April 30, 2013

Yarn Shop Follies



I am going to amaze you.  Sit down and take a deep breath.

We got LOST on the way to the yarn shop.  There.  You’re amazed, right?

Have we ever not got lost on the way to the yarn shop?  Whichever yarn shop is on offer on a day Fiona and I are loose, together and dangerous?  Barring the little one which I have to go out of my way not to walk past on the way to the abbey*, so even I would probably have some difficulty failing to find it.  Fiona could try putting a bag over my head and spinning me in a circle. . . . That would probably work. . . .

I do feel that perhaps Fiona went out of her way to ensure we got lost today.  We’ve been to this shop before** and we both know it’s sort of  . . . that way.  Fiona apparently decided that this was sufficient.  I was a trifle taken aback that she hadn’t turned her possessed-by-demons—I mean her excellent, tactful and reliable satnav on but . . . the driver is god.  And I’m way too happy not to be driving.  And if there was a paper atlas in the car . . . when the ME is gnawing on me you really don’t want me navigating for you.***  So we set out for Opprobrium.  Turpitude is just beyond it.  Sort of.  It’s sort of suspended between Opprobrium and Prinkle-on-Weald in what is a very unhelpful manner†, rather Tir-nan-Og-like, there not really being any roads between here and there.  You have to kind of sneak up on it while whistling a little tune and looking in another direction—a bit like catching a slightly tricky horse in a too-large field.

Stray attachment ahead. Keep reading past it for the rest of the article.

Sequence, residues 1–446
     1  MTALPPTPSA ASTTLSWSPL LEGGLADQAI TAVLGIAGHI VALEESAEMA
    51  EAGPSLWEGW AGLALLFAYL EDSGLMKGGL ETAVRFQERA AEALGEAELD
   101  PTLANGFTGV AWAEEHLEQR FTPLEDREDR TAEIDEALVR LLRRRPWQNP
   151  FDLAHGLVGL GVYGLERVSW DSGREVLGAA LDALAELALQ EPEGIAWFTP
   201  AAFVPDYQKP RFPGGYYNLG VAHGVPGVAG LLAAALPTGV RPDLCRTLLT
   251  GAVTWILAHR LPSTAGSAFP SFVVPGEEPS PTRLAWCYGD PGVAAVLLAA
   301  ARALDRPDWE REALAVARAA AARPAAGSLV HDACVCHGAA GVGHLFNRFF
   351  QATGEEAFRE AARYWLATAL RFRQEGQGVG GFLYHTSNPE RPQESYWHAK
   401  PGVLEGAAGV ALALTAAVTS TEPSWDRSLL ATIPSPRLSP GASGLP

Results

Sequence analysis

So you are approaching Opprobrium and there are like fourteen roundabouts in the space of about fifty yards, each of which is bristling with sixty-seven road signs saying things like Tibet * —>5000 miles and London—>you want to turn around and go back the way you came and town centre—>MWA HA HA HA GO HOME.   There was a sign for Turpitude, but there were poisonous snakes and a lot of guys with swords, and we lost our nerve.  We took the town centre option.